Paul Heiney talks about his passion for the Suffolk horse and rare breeds. We invite you to discuss this subject, but remember this is a public forum. Please be polite, and avoid your passions turning into contempt for others.
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Education is key. Half chose 20 and 40 percent, nearly 45 percent of them chose 60 percent, and only 8 percent picked 80 percent. The answer, of course, is 80 percent and rising. Four-fifths of the world can read and write, and thus hold the means to pull themselves out of poverty. You see? Our perception of things is very different from the reality.
I am not an optimist, but I do call myself a possiblist. And I say the world is much better than many think. Ross Clark.
James Kirkup. Douglas Murray. Melanie McDonagh. Robert Peston. Brendan O'Neill. Katy Balls. Nick Cohen. Neil O'Brien. Hugh Thomson. Christopher Snowdon. Fraser Nelson. Isabel Hardman. Wheeler: The railroad was the first high-speed network.
From the beginning of humankind, geography and distance had defined the human experience. How far can muscle power take you in a day was a defining force. How far you can carry raw materials — whether it be coal or wheat — was a defining economic force. All of a sudden, the railroad comes by and destroys distance. It was the original death of distance. It totally reshaped economies and created the Industrial Revolution by being able to haul raw materials to a central point for mass production, and then haul the finished product back out to a connected market. Immediately on top of the railroad came the telegraph.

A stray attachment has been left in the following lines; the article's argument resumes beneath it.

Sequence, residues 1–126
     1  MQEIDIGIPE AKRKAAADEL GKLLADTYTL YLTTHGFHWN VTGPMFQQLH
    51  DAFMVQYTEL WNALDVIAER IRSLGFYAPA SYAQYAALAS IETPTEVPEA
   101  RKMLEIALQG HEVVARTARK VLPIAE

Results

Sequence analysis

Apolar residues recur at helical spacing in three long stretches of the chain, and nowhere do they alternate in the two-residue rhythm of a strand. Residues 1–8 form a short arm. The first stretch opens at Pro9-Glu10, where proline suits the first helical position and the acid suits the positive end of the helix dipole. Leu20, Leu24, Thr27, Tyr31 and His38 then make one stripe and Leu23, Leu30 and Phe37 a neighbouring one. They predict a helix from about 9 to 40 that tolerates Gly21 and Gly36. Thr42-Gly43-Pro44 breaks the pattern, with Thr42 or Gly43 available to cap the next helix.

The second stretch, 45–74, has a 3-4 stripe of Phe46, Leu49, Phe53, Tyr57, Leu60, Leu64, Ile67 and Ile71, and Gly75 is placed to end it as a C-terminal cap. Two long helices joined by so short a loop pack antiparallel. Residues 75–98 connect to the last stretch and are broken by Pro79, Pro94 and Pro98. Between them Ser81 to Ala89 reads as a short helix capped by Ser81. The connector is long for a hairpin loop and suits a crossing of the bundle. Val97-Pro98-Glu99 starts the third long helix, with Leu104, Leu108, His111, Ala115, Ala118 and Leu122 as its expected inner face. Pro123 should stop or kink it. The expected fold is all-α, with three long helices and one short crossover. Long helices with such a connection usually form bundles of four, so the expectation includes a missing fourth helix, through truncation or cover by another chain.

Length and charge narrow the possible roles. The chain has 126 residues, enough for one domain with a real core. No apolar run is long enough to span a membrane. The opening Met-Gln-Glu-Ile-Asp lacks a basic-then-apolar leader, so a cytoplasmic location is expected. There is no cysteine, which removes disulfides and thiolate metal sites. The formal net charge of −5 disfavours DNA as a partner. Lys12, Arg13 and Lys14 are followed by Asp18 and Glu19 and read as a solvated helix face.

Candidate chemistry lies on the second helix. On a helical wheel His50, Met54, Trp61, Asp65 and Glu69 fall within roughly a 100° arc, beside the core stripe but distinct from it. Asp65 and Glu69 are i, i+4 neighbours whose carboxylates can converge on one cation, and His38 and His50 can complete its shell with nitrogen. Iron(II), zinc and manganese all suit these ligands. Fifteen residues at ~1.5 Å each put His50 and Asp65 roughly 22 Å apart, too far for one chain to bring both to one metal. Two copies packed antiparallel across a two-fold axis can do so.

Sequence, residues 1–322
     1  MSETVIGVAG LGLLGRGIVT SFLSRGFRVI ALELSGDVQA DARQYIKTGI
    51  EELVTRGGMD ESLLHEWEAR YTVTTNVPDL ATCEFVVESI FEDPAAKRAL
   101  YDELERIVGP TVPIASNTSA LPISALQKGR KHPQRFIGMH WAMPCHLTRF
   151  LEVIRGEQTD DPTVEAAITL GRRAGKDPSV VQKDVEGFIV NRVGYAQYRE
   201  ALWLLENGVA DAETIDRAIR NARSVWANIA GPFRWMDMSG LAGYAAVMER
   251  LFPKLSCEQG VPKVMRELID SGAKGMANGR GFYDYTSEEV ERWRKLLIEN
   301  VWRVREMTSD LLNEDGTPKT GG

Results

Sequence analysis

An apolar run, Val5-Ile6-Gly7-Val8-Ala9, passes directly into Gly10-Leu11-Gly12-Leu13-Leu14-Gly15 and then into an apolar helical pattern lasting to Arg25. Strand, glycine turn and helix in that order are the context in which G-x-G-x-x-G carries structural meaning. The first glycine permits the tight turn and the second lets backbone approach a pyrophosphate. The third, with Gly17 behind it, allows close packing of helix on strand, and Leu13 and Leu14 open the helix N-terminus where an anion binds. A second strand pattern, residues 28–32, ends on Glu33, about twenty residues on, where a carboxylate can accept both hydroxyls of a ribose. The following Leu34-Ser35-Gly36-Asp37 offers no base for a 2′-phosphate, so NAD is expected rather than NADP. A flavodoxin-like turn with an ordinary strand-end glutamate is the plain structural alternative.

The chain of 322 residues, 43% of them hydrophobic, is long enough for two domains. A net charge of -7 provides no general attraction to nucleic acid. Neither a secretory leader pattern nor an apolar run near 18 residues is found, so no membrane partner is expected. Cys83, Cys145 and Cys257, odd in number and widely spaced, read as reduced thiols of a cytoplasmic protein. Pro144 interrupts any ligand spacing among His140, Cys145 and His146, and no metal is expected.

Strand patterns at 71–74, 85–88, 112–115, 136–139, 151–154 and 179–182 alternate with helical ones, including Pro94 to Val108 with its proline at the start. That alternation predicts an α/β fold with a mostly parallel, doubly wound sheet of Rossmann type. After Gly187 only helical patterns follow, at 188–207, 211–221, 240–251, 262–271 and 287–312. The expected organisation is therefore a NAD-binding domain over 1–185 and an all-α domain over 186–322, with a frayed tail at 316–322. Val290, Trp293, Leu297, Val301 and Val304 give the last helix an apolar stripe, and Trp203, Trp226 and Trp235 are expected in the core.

It became the tool by which to manage the railroad as well as manage these far-flung production capabilities. It introduced the first national news media, the first national financial markets. These two together in the middle of the 19th century created the reality that we take for granted today and are now living as a result of the internet.
Wheeler: Before we look at what the impact of the internet is, we have to realize that this did not just happen as some kind of a miraculous creation. What happens next? What happens with artificial intelligence? What happens with blockchain?
What happens with a network that is intelligent itself? And what happens with cyber threats? It is those kinds of issues that will determine whether or not our period is as transformational as the earlier periods of history. Knowledge Wharton: You make an interesting distinction in the book when you talk about the previous networks and how they carried assets. Wheeler: Exactly right. One of the points that I make in the book is that data is the new capital asset of the 21st century.
Every other capital asset in history has been limited in amount and limited in usage. There is a limited amount of oil in the world. There is a limited amount of gold in the world. And there are limits to how much the market can handle. For the first time, digital information is an inexhaustible supply, and the usage of it ends up creating a new digital product, which further expands. Knowledge Wharton: How do you deal with security in terms of these network revolutions? How was that viewed back in the days of Gutenberg or the railroads and the telegraph?